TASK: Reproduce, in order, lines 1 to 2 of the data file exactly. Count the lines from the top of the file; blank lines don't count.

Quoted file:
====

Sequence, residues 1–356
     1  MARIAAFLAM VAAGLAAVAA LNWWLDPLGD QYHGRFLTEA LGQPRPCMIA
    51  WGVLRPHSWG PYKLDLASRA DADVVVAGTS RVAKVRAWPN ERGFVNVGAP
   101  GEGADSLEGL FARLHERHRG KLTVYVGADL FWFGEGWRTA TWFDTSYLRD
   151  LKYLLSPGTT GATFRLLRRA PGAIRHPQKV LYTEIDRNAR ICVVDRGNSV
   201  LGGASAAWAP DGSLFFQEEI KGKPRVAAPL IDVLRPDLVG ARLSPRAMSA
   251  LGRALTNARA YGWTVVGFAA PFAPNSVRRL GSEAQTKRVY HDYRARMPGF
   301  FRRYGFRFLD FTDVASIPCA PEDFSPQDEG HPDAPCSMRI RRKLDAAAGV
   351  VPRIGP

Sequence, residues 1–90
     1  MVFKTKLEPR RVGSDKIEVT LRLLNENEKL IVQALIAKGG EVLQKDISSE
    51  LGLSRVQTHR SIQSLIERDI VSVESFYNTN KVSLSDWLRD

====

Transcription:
Sequence, residues 1–356
     1  MARIAAFLAM VAAGLAAVAA LNWWLDPLGD QYHGRFLTEA LGQPRPCMIA